After the assault to police officers – Sergeant Lyttle and police constable Lund – went to see the prisoner after the assault, and the conversation which took place between them was most material. It was directory after the occurrence. In reply to questions, he admitted that he left Swinton at 11 o’clock, but denied that he saw Miss Flavell on the road. The sergeant also asked, “Did you see anyone on the road when at or near Meadow view?” and prisoner replied, “No.” That could not be true, for 26 yards on the other side of the houses he met the two Smith. He ought to have given the best assistance he could to the police, and ought, in the interests of the girl, to mention the fact of meeting Smith and his wife. Another question put the prisoner was “Did you hear screams at or near Meadow View?” and the answer was “No.” In all probability when the prisoner was a man or not who committed the dastardly act on the girl, he was the nearest person to her when she was struck down. The sergeant said, “A most cowardly assault has been committed and Miss Flavell tonight, and I have information that you must have been close to the place at the time, and it is a curious thing you neither heard nor saw anything.”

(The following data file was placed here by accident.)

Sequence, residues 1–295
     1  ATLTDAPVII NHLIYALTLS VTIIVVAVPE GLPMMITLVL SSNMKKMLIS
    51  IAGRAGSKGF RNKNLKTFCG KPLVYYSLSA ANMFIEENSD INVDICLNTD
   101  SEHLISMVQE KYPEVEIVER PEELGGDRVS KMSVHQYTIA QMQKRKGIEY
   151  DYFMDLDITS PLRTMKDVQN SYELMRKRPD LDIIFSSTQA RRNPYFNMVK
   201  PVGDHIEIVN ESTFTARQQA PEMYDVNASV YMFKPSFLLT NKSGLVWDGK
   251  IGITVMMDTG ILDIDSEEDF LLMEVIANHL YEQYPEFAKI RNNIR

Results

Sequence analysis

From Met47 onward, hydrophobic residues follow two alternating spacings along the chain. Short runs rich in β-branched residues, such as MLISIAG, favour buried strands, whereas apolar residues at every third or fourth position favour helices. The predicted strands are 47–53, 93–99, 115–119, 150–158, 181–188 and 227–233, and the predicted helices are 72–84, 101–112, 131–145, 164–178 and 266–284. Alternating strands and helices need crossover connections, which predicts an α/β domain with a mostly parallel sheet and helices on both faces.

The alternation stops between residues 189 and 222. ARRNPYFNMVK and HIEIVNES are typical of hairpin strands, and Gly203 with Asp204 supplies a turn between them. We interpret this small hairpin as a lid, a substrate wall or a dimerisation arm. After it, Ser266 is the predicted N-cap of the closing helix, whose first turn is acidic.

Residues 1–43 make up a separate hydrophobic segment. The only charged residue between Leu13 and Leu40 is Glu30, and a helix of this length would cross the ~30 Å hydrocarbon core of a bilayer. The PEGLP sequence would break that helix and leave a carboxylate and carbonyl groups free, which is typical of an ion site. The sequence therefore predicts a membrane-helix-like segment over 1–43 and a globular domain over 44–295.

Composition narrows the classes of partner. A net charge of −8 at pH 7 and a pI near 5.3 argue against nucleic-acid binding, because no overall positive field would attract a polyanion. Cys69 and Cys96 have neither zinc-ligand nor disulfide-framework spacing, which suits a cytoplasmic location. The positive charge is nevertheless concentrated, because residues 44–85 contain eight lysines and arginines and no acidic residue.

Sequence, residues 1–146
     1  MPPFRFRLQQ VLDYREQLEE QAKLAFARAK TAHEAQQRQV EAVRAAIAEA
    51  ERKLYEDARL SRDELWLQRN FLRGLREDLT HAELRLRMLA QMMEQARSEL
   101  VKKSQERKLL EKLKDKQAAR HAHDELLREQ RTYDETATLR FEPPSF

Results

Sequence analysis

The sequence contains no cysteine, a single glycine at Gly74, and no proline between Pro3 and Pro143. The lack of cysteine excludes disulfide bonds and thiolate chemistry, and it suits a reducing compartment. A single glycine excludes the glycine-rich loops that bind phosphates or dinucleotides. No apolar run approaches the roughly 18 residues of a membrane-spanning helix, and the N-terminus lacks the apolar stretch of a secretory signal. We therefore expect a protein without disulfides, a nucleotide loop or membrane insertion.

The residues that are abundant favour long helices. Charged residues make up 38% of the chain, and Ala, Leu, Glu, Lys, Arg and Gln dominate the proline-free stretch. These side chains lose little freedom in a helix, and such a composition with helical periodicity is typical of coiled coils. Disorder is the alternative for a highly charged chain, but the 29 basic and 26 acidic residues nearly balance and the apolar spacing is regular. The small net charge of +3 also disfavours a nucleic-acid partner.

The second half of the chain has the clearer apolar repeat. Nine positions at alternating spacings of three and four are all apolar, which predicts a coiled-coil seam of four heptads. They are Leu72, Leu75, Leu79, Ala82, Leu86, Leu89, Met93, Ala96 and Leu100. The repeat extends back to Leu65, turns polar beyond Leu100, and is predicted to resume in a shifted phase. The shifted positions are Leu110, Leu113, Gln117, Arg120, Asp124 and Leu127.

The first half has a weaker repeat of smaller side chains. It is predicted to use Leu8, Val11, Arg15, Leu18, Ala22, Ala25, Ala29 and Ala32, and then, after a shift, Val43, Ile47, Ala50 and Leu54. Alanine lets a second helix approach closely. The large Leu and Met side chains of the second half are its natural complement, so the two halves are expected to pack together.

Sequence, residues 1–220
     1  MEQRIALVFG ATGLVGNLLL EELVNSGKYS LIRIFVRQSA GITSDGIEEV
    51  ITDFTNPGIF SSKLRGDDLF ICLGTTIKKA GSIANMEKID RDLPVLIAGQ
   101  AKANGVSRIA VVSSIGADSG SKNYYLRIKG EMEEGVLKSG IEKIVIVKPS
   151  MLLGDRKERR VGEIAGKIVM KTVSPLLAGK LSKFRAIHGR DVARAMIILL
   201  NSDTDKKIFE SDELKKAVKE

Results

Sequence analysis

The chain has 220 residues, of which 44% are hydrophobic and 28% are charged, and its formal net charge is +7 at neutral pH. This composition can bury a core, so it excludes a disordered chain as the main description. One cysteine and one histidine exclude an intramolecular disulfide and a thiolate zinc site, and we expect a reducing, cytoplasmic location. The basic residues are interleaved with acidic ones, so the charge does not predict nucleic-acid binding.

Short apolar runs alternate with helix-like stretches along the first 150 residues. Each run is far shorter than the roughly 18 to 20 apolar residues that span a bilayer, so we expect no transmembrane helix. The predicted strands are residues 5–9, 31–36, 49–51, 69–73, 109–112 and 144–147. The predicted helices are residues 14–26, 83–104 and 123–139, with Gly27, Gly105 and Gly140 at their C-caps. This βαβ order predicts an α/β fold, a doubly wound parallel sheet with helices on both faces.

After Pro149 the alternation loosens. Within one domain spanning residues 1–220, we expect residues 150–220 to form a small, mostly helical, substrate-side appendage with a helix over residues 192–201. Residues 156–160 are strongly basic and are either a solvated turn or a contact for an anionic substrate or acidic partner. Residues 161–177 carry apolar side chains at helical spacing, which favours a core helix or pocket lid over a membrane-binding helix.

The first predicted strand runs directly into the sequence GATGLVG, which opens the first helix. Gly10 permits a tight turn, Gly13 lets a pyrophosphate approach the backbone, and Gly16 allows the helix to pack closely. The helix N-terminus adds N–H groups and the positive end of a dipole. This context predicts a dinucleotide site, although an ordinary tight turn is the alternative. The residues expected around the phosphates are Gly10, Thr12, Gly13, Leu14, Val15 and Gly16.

He (Mr Kershaw) asked the jury to imagine for a moment, one of themselves, an innocent man, be spoken to in this way. Would they not understand by it there was a strong suspicion in the minds of the officers? One would have expected to have received a reply something to this effect: “What is that to me; why do you speak to me about it, I have nothing to do with it;” but instead of that, prisoner made this most extraordinary remark, “The night is too dark for a child who has done it.” That was a most remarkable observation. A day or two afterwards prisoner was arrested on a warrant, and he said to the police officer, “What, a warrant, I thought a summons would have done.” When charged before the magistrates prisoner said, “I was never near the place.” Which statement he (Mr Kershaw) submitted was not true. Mr Kershaw referred to the finding of the steak with which it was supposed to blow which rendered Miss Flavell insensible was given. It was suggested in defence, when before the magistrates, that the attack was made by a tramp; but Mr Kershaw pointed out, if a man of this description attacked a woman in the dead of the night, he did so for a purpose – either robbery or for a worse purpose. As a matter of fact, however, her basket, containing money etc. and her pocket and watch and chain, were not interfered with.